|Ben Whishaw as Richard II|
I loved this production of Richard II.
The play has never appealed to me greatly because Richard is such a complicated likeable/unlikeable figure, but this production absolutely made it work. Whishaw is phenomenal in the role of Richard. He has a shy quality, and a showman quality, and a martyr quality, but can turn in an instant and lash out with spite. Richard tends in the play to use language comparing himself to Jesus, and Whishaw gave you all of that, but also picked up Richard's nastiness and over-the-top theatricality. I've never been so aware of the many distinct facets of character in this role. In the "Making of" DVD extras, Whishaw mentions that he and director, Rupert Goold, talked about Michael Jackson, and I never would have thought of that comparison, but I think it's brilliant because they captured that quality of never being off-stage...even in how he sits and moves, Whishaw's Richard is always performing.
Rory Kinnear was also notable as Bolingbrook (the future Henry IV), because he brought a surprising restraint and moral uprightness, sometimes an unexpected gentleness, to the role. One had the sense he was a good man, trying to do the right thing, and getting in over his head.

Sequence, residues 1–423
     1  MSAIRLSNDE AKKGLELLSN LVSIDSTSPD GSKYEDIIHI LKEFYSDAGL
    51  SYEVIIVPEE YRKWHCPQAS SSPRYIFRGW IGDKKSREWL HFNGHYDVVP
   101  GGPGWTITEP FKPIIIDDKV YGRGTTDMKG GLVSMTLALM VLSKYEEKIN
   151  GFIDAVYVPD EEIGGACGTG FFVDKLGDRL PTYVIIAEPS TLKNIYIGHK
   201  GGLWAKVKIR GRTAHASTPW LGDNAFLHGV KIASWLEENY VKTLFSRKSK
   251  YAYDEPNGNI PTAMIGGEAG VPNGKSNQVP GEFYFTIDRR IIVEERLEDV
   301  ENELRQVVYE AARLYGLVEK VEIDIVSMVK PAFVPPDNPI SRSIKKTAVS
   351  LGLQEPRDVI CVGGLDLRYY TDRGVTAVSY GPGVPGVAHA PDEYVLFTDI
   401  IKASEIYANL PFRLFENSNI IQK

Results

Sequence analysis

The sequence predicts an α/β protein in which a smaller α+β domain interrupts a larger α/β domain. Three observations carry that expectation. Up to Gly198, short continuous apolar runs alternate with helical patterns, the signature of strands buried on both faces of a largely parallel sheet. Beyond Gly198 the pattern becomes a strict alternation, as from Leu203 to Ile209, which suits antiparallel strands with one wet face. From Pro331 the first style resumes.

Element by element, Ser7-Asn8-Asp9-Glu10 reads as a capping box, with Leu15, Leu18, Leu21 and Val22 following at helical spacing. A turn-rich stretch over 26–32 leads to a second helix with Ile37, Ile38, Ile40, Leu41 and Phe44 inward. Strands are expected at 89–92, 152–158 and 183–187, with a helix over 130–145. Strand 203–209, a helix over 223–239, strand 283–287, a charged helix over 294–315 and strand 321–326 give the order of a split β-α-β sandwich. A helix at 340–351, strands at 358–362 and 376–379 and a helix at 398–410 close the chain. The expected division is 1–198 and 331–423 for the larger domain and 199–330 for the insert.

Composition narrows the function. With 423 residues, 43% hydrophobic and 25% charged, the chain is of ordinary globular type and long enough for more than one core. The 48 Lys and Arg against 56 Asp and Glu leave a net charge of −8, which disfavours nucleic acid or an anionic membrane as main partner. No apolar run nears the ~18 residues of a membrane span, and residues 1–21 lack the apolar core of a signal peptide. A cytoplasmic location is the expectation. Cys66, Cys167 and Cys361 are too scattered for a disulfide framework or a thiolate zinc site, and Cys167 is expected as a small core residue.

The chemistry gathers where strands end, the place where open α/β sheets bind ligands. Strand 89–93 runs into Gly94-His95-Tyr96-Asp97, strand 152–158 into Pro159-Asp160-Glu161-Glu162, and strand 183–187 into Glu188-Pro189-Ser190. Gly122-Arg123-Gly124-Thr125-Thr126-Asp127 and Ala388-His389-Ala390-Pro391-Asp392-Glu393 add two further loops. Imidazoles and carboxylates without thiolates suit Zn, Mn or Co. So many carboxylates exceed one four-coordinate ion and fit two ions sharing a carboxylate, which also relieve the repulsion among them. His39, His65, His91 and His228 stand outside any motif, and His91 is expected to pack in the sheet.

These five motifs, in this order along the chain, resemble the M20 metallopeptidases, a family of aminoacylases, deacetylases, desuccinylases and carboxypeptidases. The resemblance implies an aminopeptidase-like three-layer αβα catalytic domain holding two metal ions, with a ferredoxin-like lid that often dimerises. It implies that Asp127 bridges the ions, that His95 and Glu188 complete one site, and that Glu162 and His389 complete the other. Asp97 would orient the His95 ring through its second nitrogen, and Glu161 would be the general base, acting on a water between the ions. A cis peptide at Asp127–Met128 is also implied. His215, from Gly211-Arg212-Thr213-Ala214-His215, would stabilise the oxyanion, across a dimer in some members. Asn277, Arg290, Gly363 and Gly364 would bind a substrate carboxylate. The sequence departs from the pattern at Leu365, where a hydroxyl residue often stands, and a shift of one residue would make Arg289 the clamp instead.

|David Suchet as the Duke of York|
Whishaw's performance makes him the star, but a surprising amount of the heavy-lifting in the play, I think, goes to David Suchet's fantastic performance as the Duke of York. He's so good, you don't even notice how good he is, because he makes it look easy. He makes it sound as if he's speaking plain English. Patrick Stewart also comes in briefly to knock John of Gaunt's "England" speech out of the park. It's just a pity his character isn't around longer.
The other knockout feature of this production for me was the portrayal of two conflicting worlds (see also Henry IV
post) between Anglo-Saxon medieval England and Richard's elaborately refined environment he's created for himself. There is a brilliant, brilliant juxtaposition at the trial-by-combat scene in which we move from knights on horses to Richard's tent decorated with flowers.
Find The Hollow Crown
on Netflix, Barnes & Noble, Amazon, or iTunes: rent it; buy it. How often do you get to the chance to binge-watch the Shakespeare History Cycle??! I'm kicking myself that I didn't know this series aired in 2013. My only consolation is that it would have killed me to wait until 2016 for The Hollow Crown: The War of the Roses
(Henry VI Pts 1-3
plus Richard III
with Benedict Cumberbatch!).